Kashin-Beck disease

Last revised by Ammar Haouimi on 27 Jun 2020

Kashin-Beck disease (KBD) is a rare chronic condition, comprising an osteochondropathy with a concurrent necrosis of the joints.

The disease has traditionally been endemic to areas of Tibet, China, North Korea, and Siberian Russia, and is usually diagnosed in pre-teenage children.

The presentation is similar to rheumatoid arthritis. Extraskeletal disease is not seen.

Pathologically, the lack of dietary selenium is important. The lack of selenium affects the functioning of antioxidants such that osteocartilaginous necrosis ensues. Additional implicated factors with good supporting evidence are dietary deficiency of iodine, mycotoxin-secreting fungi, and polluted water sources 6.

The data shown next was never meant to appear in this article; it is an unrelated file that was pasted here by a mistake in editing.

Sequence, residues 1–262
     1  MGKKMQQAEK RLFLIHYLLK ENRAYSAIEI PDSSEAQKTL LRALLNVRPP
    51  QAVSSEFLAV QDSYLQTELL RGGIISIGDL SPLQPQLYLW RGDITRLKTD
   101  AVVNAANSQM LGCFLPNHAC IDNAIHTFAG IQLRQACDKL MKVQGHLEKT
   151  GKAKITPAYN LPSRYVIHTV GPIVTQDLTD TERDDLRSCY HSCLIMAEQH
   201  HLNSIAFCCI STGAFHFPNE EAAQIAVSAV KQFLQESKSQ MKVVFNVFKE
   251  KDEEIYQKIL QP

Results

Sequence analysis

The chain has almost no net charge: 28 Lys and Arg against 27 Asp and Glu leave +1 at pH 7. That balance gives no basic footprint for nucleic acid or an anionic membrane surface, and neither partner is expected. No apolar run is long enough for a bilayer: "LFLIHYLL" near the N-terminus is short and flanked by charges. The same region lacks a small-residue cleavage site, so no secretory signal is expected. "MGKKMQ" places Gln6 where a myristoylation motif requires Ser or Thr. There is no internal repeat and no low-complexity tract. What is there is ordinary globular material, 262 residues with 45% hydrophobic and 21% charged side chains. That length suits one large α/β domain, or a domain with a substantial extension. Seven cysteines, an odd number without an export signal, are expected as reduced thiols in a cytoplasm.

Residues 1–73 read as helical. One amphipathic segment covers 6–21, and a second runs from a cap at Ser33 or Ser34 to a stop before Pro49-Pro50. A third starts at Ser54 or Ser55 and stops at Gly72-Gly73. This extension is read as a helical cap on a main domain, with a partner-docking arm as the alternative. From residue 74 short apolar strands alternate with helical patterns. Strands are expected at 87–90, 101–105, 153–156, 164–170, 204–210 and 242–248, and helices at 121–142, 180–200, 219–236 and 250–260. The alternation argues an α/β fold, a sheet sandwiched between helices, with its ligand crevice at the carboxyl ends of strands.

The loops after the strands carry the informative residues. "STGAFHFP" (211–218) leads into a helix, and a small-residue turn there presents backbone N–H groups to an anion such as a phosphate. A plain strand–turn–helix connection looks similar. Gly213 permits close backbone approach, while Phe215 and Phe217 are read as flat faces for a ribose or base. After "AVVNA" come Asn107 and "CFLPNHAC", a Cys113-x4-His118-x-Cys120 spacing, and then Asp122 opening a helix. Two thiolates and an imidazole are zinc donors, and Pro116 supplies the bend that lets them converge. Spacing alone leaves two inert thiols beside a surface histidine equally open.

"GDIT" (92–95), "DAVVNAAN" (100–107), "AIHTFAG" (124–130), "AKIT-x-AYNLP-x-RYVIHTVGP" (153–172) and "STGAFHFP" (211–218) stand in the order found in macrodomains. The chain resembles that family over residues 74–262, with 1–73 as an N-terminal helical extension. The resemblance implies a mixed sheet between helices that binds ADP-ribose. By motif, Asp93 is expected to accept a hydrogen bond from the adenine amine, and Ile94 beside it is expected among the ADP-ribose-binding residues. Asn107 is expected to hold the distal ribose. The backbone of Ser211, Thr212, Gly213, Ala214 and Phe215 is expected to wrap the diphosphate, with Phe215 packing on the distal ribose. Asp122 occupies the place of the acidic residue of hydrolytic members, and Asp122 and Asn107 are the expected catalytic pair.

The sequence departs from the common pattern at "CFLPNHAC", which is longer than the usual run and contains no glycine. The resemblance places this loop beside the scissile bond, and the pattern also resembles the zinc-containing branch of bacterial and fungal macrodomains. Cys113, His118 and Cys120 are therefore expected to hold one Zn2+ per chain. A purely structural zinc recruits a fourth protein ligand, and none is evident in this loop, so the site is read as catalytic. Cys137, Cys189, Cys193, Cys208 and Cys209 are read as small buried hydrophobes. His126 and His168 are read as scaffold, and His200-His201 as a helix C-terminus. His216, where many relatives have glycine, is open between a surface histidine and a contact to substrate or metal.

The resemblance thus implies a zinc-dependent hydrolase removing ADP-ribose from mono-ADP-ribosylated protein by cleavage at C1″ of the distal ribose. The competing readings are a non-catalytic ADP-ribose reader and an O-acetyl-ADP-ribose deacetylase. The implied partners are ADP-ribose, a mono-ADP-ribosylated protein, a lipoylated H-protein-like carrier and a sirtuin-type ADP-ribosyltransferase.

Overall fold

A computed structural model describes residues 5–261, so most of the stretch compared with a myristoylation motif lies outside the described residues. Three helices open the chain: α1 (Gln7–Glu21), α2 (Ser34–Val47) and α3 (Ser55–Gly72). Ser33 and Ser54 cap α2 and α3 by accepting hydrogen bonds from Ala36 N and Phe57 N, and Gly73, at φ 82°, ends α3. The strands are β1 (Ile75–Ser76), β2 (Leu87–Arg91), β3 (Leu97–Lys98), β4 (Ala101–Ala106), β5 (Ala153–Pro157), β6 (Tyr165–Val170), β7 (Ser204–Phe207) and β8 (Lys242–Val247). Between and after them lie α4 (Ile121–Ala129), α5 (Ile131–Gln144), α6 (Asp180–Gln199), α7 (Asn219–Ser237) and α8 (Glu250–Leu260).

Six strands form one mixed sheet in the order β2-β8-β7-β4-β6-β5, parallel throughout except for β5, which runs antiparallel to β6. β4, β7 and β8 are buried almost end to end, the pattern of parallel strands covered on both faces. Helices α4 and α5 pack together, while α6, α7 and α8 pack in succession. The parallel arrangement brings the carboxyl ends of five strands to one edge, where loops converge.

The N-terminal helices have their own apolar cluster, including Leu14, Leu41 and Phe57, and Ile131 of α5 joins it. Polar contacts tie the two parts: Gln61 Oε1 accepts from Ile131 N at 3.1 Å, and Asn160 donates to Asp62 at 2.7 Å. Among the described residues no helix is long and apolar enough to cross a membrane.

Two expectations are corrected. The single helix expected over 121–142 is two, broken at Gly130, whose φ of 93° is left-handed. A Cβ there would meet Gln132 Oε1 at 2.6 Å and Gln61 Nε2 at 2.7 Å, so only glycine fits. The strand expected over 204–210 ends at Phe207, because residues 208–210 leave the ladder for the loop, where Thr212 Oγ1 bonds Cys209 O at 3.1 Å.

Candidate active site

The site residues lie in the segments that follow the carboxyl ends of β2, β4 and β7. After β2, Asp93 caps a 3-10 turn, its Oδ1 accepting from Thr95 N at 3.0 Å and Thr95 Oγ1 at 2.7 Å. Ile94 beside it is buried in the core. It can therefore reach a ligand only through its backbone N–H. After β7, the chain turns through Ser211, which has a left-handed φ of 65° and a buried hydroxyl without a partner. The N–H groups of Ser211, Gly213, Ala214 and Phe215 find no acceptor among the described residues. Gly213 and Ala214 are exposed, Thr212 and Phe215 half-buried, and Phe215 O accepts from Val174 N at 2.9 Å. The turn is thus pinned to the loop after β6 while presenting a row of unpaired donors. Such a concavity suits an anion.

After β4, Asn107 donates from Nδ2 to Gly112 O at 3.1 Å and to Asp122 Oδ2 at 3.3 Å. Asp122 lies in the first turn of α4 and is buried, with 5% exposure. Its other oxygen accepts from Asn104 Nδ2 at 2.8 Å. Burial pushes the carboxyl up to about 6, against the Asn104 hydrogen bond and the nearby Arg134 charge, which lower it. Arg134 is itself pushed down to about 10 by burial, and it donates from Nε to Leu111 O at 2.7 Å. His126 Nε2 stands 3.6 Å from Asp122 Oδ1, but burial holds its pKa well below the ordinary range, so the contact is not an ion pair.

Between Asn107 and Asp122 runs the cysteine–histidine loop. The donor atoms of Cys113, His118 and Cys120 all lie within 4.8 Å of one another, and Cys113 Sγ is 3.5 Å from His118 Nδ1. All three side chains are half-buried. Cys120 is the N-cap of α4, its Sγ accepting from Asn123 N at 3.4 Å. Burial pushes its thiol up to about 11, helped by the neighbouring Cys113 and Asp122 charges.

In untreated cases, there will be evidence of the destructive deforming pathology in plain radiographs of joints of the shoulder, elbow, hand, hip, knee, and ankle. Signs of the disease apparent on plain radiograph of the hands include:

  • articular surface depressions
  • carpal crowding
  • subchondral bony deformity in the proximal end of phalanges with or without bony sclerosis
  • fragmentation of proximal phalanges
  • bony enlargement of the phalanges

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